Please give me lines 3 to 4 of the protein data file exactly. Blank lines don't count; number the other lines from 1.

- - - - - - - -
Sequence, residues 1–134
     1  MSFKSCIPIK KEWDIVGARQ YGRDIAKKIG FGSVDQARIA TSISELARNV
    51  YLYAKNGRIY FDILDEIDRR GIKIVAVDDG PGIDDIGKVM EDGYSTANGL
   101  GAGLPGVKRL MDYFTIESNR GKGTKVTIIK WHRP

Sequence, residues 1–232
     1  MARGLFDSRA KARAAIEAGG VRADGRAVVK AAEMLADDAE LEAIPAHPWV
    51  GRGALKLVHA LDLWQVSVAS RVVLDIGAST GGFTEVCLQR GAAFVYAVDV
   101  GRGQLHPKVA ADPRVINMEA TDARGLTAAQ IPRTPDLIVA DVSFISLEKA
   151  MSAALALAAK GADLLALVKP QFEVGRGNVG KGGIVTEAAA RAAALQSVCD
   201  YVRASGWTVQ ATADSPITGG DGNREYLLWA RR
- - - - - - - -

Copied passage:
    51  YLYAKNGRIY FDILDEIDRR GIKIVAVDDG PGIDDIGKVM EDGYSTANGL
   101  GAGLPGVKRL MDYFTIESNR GKGTKVTIIK WHRP